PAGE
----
The first Civil War amnesty proclamation was issued by President Abraham Lincoln on December 8, 1863. It offered pardons to person taking an oath to support the Constitution and the Union and to abide by all Federal laws and proclamations in reference to slavery made during the period of the rebellion. Six classes of persons were excluded from the benefits of the amnesty, including any persons known to have treated unlawfully black prisoners of war and their white officers.
A supplementary proclamation, issued March 26, 1864, added a seventh exception (persons in military or civilian confinement or custody) and provided that members of the excluded classes could make application for special pardon from the President.
On May 29, 1865 after the war was over, President Johnson issued his first amnesty proclamation, citing the failure of many to take advantage of Lincoln’s earlier proclamation. Under the new terms, Johnson incorporated Lincoln’s seven exceptions from the general amnesty with a few alterations and added seven in addition, including persons who had broken the oath taken under the provisions of the proclamation of December 8, 1863.
A Presidential pardon would restore a citizen to his former civil rights and would also provide immunity from prosecution for treason and from confiscation of property. Moreover, exemption from amnesty precluded people from such activities as the “transfer of titles or properties” and the obtainment of copyrights and patents, making business very difficult. Thus, the President was soon besieged with thousands of applications, and by the fall of 1867 he had granted about 13,500 individual pardons.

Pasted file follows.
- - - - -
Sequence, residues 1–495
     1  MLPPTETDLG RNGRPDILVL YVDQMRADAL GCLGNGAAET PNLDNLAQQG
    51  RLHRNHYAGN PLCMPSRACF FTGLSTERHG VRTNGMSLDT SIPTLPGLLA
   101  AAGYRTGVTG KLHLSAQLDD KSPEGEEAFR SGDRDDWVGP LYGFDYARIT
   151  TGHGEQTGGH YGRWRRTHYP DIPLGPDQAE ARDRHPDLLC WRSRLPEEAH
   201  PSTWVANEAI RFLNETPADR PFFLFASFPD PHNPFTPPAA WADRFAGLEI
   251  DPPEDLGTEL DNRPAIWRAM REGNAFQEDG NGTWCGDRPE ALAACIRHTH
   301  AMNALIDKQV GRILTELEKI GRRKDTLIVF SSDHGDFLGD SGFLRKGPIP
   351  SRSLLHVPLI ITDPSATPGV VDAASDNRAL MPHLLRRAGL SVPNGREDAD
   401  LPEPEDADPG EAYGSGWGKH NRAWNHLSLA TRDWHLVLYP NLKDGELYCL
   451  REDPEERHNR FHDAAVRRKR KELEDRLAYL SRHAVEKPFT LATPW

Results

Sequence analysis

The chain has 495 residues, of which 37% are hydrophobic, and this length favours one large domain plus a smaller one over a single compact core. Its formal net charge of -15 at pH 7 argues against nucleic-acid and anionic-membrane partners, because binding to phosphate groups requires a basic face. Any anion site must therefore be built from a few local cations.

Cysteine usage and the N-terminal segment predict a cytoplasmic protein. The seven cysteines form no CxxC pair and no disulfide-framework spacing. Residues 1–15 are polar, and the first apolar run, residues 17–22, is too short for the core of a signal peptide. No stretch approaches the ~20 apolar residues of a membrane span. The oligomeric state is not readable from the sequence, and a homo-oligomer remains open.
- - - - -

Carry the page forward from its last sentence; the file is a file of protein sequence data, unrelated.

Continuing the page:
Two years later, on September 7, 1867, Johnson, desiring to hasten Reconstruction, issued another proclamation narrowing the excepted classes to three.
Less than a year later, on July 4, 1868, Johnson issued yet another amnesty proclamation, granting amnesty to all former Confederates except for the approximately three hundred who were “under presentment or indictment in any court of the United States upon a charge of treason or other felony.”
And on this day in history, Johnson’s final amnesty proclamation (“The Christmas Pardon”) was extended “unconditionally and without reservation” to all who had participated in the rebellion.